Published: Ecco Publishing, March 2014
My Rating: 4 stars
“In a world where you can’t open your eyes, isn’t a blindfold all you could ever hope for?”
Set in a post-apocalyptic world where a (literal) unseen horror is creeping about, we follow Malorie and her two young children on treacherous blindfolded journey to perceived safety. Their only chance of keeping whatever is out there at bay: make sure you never see it, or you'll lose your mind. A horrifying, nailbiting trip follows (both physical aswell as psychological), that brings back memories of Malories previous years of survival, and keeps you wondering: what are we fleeing from. Man, animal, or something else entirely?
I could not put this book down and read it in two sittings. And that was only because I had to work, otherwise I might have finished it in one day.
Birdbox is one of the rare psychological horror stories that actually envoked Some true horror in me. Living in this world would honestly be one of my worst nightmares.
This book plays on a fear that is in all of us humans: the fear of the unknown. The fear of the unseen...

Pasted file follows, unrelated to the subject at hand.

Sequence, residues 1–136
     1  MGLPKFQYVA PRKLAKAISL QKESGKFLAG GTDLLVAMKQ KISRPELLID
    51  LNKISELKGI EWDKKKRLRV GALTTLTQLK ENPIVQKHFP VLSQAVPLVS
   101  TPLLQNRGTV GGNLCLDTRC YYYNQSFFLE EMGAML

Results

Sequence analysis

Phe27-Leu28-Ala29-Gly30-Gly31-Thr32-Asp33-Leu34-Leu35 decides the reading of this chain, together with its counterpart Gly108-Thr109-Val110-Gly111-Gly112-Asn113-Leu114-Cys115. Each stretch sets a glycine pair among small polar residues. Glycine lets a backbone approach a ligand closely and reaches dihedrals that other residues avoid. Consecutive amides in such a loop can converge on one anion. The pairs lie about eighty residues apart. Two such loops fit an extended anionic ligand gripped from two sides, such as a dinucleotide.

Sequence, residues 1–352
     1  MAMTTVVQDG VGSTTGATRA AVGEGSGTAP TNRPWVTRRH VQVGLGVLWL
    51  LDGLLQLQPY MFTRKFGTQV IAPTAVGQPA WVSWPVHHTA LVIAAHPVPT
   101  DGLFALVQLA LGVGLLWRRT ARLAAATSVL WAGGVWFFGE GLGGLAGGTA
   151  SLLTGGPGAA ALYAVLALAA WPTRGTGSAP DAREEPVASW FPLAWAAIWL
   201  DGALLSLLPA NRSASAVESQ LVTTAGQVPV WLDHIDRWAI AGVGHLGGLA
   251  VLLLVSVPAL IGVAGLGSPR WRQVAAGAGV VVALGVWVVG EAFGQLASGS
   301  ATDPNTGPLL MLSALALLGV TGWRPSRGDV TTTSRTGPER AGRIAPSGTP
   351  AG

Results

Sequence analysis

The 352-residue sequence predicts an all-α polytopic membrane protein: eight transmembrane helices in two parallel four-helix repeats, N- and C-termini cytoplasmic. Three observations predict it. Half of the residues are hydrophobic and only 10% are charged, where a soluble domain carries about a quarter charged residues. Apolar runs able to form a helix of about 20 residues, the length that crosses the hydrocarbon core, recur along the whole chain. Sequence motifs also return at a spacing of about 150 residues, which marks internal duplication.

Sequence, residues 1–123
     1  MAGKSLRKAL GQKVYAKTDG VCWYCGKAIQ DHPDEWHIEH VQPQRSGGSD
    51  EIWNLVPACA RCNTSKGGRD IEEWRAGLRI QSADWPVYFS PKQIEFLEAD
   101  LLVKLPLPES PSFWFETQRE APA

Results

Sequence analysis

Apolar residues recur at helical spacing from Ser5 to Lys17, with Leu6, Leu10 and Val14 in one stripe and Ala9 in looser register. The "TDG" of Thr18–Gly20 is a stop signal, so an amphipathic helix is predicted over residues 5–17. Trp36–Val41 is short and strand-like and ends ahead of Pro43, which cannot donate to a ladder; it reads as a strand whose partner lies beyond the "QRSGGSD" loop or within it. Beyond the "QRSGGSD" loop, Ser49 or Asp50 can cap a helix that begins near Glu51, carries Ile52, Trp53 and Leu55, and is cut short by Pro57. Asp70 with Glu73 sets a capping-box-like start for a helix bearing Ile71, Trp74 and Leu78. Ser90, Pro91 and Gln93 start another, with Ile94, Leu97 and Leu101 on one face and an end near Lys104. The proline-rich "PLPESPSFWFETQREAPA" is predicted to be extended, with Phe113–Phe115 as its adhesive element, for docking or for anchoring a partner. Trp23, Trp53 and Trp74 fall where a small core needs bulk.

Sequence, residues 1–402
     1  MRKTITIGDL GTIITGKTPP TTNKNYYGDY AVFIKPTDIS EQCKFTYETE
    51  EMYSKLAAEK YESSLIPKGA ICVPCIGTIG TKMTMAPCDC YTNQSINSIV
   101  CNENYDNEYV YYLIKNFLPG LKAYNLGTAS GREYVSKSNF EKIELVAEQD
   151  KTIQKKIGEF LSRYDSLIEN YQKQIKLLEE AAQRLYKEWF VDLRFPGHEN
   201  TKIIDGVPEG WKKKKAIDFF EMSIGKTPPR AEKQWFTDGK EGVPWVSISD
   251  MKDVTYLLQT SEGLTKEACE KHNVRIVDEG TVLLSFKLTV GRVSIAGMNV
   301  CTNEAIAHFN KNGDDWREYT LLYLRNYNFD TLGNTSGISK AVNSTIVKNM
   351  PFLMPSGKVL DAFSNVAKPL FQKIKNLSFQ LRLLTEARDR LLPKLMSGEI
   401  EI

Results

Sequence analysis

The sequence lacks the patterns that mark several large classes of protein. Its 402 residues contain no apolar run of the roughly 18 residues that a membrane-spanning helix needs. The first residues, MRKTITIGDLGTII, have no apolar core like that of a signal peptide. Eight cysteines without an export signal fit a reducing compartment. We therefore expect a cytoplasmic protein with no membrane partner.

In this world people cannot leave their houses without being blindfolded as some unseen terror creeps around and turns everyone who sees it mad. In order to reach a safe place, our protagonist and her two small children must undertake a risky journey through the dangerous outside world.
The aspect that the characters are blindfolded throughout the entire journey to ensure they don’t accidentally catch a glimpse of this horrible entity that can be anywhere around them creates a terrifying and claustrophobic atmosphere that I would soon forget.
Meanwhile the story flashes back to the years the protagonist spent living with other survivors, and describes how she came to the decision to leave her house in search of a safer haven for her kids.
Usually in horror or thrillerstories the character (especially the ones who end up dead) are completely one dimensional and I don’t really care about them. Not the case in this book: I Was really rooting for Malorie and her children, for Tom and I was even interested in Gary.
The presence of this unseen entity, along with the character dialogue raises interesting questions about the nature of fear itself, especially of fear of the unknown, that don’t all wrap up in a nice tidy bow in the end.
Throughout the suspense and atmosphere in this book are REAL! In case you are looking for a truly creepy story, that does not rely on cheap horrortropes to be scary and has actual characters you care about: be sure to pick this one up.
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